* Prices may differ from that shown
It's funny how when someone is far and away the best at something people instantly try to find ways to rubbish them. Herbert von Karajan was easily the best conductor of last century - probably ever. Certainly he's the best one who ended up on records. Yet people are determined to defame him. If they can't show that he wasn't actually that good as a conductor then they turn to his involvement with the Nazi party. For some reason, it seems, he was a lesser composer if he wasn't a nice person. Well obviously he wasn't a nice person. Just watch a video of him in rehearsal. He bullied the snot out of some of the world's finest soloists in front of the whole orchestra. But he had a genius for interpreting music, and knowing exactly what potential a passage had. He knew exactly what he wanted, and, when an orchestra finally satisfied him, they appreciated why he had been so insistent that it sound how he imagined it. Sometimes he would do hundreds of takes and noone could understand just what he was waiting for, but then he would declare himself happy with a take, and the magic would be evident. Noone can be the best interpreter of everything, but Karajan's achievement was to be the best across a huge range of music. His late Romantic interpretations, such as Bruckner and Mahler are simply phenomenal. His Beethoven Symphonies are legendary. And I love his interpretations of 20th Century music, although not all composers were happy with him; Stravinsky said his Rite of Spring was too smooth. Those who rubbish Karajan are simply being pretentious and snobby. He was, quite simply, the best.
He is one of the very best conductors in the 20th century, I would say. Even though I have never had a chance of listening to his concert live in a concert hall or very the broadcast, but, I have a collection of his CDs. I have never know how to appreciate classical music before, till I listen to his music. He can some how lead the orchestra team to 'explicitly' and accurately express the composers' works and have the influences in the audience. He also give me an insight on how to listen, enjoy and appreciate orchestra work, which I don't think I will ever have if I never listen to him. In one word, he is very impressive!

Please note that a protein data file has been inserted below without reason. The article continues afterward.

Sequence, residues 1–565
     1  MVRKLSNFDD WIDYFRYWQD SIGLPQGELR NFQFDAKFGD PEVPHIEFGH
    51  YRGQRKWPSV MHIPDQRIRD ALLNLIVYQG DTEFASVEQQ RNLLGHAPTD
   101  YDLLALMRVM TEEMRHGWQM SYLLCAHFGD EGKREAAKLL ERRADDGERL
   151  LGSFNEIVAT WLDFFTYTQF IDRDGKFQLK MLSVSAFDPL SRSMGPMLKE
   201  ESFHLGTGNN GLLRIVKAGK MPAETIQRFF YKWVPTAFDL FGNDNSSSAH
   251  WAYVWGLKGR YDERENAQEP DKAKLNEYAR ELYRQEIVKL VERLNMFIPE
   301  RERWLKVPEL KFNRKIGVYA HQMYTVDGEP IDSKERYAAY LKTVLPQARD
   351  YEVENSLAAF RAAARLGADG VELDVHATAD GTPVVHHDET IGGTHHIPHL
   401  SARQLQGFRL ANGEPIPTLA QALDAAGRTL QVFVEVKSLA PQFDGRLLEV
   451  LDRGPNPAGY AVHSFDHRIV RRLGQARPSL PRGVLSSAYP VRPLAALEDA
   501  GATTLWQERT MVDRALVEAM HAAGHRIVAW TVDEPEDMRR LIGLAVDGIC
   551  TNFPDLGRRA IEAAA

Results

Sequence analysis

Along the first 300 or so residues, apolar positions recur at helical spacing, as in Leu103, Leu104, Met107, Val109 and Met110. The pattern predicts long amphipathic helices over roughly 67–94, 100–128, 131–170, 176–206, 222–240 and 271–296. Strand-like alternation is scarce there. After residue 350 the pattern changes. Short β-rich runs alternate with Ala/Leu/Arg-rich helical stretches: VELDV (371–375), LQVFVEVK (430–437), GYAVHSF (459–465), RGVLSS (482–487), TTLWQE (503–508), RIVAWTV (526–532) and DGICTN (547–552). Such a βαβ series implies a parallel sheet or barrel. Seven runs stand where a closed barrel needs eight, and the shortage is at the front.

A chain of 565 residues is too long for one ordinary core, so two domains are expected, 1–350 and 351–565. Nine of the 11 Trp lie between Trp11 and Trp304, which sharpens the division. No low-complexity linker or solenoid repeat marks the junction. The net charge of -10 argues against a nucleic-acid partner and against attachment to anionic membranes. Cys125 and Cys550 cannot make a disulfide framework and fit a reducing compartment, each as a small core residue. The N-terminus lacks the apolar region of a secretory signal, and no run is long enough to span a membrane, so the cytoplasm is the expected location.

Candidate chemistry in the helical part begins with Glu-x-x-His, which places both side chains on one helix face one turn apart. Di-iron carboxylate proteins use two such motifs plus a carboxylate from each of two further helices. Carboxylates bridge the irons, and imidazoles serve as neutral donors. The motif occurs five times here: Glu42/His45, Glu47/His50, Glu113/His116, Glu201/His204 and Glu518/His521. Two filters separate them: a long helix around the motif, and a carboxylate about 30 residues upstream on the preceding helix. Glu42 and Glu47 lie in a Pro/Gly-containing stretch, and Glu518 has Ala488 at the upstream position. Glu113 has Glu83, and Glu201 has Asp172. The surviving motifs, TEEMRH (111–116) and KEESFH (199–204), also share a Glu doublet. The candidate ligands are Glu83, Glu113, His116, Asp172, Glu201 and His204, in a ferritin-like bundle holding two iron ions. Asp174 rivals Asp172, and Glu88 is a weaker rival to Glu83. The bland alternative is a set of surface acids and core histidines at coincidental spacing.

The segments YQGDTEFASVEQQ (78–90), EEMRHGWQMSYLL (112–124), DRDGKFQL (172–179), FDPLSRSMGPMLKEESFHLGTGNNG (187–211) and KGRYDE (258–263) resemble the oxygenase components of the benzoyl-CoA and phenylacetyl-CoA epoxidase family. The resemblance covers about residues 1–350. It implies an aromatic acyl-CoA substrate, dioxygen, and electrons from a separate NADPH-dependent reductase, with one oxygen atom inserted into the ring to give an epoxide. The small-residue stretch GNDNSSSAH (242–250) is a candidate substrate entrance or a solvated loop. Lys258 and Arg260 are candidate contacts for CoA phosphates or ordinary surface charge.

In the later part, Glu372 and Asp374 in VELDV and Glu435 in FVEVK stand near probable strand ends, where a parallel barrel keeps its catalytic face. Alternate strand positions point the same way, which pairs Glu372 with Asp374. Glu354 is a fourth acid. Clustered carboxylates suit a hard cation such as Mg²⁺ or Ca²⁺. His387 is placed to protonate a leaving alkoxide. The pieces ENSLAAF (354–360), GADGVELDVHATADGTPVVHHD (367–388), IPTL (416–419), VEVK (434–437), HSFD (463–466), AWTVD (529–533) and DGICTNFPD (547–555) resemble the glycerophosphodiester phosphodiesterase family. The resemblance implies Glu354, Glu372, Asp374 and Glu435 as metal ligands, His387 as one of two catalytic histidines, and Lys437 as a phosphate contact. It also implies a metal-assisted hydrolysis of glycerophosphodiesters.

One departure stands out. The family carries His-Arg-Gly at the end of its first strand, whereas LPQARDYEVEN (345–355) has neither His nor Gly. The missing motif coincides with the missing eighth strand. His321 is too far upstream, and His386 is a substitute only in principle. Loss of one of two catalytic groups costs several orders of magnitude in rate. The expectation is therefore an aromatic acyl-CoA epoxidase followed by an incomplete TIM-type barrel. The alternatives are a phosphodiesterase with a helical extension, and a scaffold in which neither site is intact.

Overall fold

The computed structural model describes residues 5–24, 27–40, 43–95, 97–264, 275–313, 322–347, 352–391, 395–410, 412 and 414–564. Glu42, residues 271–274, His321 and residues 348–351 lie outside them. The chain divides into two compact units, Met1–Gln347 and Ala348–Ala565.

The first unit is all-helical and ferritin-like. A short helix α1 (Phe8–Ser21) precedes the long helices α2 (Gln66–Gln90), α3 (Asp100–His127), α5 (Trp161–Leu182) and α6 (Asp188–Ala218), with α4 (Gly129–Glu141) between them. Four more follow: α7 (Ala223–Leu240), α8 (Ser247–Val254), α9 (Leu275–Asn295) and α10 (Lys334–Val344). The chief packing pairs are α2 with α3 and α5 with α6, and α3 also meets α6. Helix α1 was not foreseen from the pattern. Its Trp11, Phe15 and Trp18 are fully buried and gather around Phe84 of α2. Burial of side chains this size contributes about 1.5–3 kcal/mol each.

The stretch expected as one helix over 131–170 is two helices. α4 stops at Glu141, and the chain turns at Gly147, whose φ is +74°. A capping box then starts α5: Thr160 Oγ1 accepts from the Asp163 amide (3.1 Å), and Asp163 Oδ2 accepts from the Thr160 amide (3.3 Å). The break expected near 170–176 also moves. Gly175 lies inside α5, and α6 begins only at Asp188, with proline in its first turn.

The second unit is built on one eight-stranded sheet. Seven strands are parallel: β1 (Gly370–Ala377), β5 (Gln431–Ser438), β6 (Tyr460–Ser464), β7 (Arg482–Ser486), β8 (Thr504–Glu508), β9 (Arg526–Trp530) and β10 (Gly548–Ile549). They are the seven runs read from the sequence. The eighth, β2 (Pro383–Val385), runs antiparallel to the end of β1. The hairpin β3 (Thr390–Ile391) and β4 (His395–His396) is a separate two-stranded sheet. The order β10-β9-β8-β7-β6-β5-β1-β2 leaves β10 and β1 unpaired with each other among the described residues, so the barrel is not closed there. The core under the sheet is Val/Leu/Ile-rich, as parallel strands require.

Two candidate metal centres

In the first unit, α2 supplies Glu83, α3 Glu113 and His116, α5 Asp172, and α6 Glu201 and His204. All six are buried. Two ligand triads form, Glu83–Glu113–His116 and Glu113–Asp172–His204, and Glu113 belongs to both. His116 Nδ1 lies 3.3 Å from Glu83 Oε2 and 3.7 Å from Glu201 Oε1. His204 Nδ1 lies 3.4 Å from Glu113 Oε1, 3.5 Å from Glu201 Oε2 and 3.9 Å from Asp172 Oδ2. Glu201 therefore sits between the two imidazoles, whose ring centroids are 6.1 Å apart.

Herbert von Karajan perfectly embodied the public's image of the archetypal conductor. Head held haughtily high, eyes closed, swaying gently in time to the always-beautiful strings of his Berlin Philharmonic orchestra, he always let there be no doubt that he was in complete control at all times. In my view, he played rather too safe, usually keeping the Berlin Phil's repertoire safely within the "core repertoire" of the big romantic symphonies, and he seldom strayed successfully into the realms of the more jazz-influenced 20th century composers. Still, within that romantic area, he produced some beautiful recordings: highlights for me are his symphony recordings of Shostakovich 10, Bruckner 8, Mahler 9 and the cycle of Beethoven symphonies he recorded in 1977. He always embraced technology (which to me seems curious, considering his preference for big romantic music!), and had his own recording complex with state of the art sound- and video-recording equipment. He led the way in releasing his own videos of him conducting the Berlin Philharmonic, and carefully drilled the string players to move their bows in perfect visual synchronisation, for the dramatic visual effect this would produce on the video! If the above makes him sound like nothing but a talented control freak, in fact he deeply loved music. He led a playboy lifestyle, with a taste for fast motor vehicles, but at the end of the day it always came back to music, and I've nothing but respect for anyone for whom that's the case. Yes, his performances often erred on the side of the over-romantic, with sometimes excessively saccharine string sound, but when the occasion demanded it (as in the second movement of Shostakovich 10), he could crank up the energy level to generate tremendous excitement, and his 1977 Beethoven 9 (Choral) has, for me, the most thrilling finale of that symphony ever recorded. It's hard to feel any affection for
the old Nazi (and that's not just name-calling - he was a card-carrying member of the Nazi party from 1935), and he certainly had his limitations, but certainly in the romantic symphonic repertoire, it's always well-worth checking out his recordings.
Disc #1 Tracklisting
1 1. Mars, the Bringer of War
2 2. Venus, the Bringer of Peace
3 3. Mercury, the Winged Messenger
4 4. Jupiter, the Bringer of Jollity
5 5. Saturn, the Bringer of Old Age
6 6. Uranus, the Magician
7 7. Neptune, the Mystic - Berliner Philharmoniker, Herbert von Karajan, RIAS Kammerchor, Uwe Gronostay